SNL nails Elizabeth Warren town hall and it’s spot on

(“Saturday Night Live” video screenshot)

“Saturday Night Live” took a rare break from attacking President Donald Trump this weekend to poke fun at top Democrat presidential candidate Sen. Elizabeth Warren.

While the sketch mocked many aspects of the senator — including her speaking style and her desire to be a “cool mom” — the part that stuck out the most to viewers was when the show mocked Warren’s wholly unrealistic, utopian health care ideas.

Watch the full sketch below:

Last week the senator admitted that her Medicare-for-All proposal would cost $52 trillion (not to mention two million jobs) over the course of 10 years. But when asked to specify how she’d pay for this, she just rambled on and on without providing any specifics.

The senator did claim though that she’d pay for the $52 trillion without raising taxes on working class Americans — though experts with the Committee for a Responsible Federal Budget have said that this would be impossible to accomplish:

The way Warren spoke about her plan last week almost made it sound like she lives in a fantasy world. And it’s this very idea which Kate McKinnon successfully portrayed with her hilarious reenactment of a Warren rally.

During one portion of the rally in the skit, an audience member asked the senator (played by McKinnon) about the trillions upon trillions her proposal would cost.

“Now we’re talking trillions, so when the numbers are this big, they’re just pretend,” the fictional Warren replied. “They ain’t no Scrooge McDuck vault somewhere. You want to get red-pilled? Money doesn’t exist. It’s just a promise from a computer. You might as well says it costs 13 non-gillion over 12 of detan.”

“Sorry, senator, I’m going to need to see the math on that,” the audience member then interrupted.

“Oh, you want to see the math? Here, I’ll show you,” the fake Warren replied as she pulled out a chart full of irrelevant numbers that had nothing to do with paying for her plan. “Do you understand this? I do. I can explain it to you but you would die.”

(“Saturday Night Live” video screenshot)

The sketch also poked fun at Warren’s apparent die-hard belief that those Americans who like their current health care plan are simply misguided.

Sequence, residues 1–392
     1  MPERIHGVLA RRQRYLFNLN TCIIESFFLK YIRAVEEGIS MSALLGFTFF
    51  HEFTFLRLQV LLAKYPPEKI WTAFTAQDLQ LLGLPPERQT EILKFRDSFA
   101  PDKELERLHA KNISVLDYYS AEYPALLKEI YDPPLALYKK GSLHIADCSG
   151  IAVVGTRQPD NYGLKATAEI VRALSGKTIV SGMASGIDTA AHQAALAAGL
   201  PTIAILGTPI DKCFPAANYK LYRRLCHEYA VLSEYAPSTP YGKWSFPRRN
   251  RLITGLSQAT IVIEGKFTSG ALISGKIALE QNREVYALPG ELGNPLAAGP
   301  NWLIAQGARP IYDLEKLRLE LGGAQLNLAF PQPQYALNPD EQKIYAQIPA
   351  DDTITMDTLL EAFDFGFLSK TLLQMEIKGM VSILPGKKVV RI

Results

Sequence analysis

“My current insurance isn’t perfect, but with your plan I’d have to give it up. And that makes me nervous,” another fake audience member said.

The fake senator responded by talking about bad boyfriends.

“Your insurance is like a bad boyfriend,” she said. “Girl, listen to me, you need to leave him. He is draining you. You deserve better. Dump his a**.”

That’s not all too different from what the real 2020 contender said during a rally last Wednesday in New Hampshire. Confronted by a retired teacher from Massachusetts whose friends and family like their health care plans, Warren suggested they simply didn’t know any better.

“I meet people like this all the time … So I gotta say, when people tell me how much they love their health insurance, I gotta ask them how sick they’ve been,” she said.

Without actually explicitly saying it, the senator seemed to strongly suggest that under her plan, those Americans who like their current health insurance plan won’t get to keep it. Why won’t they get to keep it? Because she believes her plan is better for them.

“Because our health insurance companies … they got a basic business model, and the business model is to rake in as much as you can in premiums — anyone in here in the last five years seen your premiums go up if you have private health insurance? — and pay out as little as you can in return,” she continued. “Raise the deductibles, raise the co-pays, just keep that going.”


(Source: Mediaite)

The fake Warren on “SNL” appeared to be just as obliviously condescending and patronizing.

“Alright, you listen to me, you beautiful b****, you’re going to call him, and you’re going to end it!” she hollered after the fake audience member revealed her current deductible.

What’s strange is the reaction the sketch has provoked. For some inexplicable reason, the sketch has divided social media users into two camps: One that believes “SNL” was essentially campaigning for Warren, and another that believes the show was attacking her.

Here’s the campaigning camp:

And here’s the skewering camp:


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Vivek Saxena


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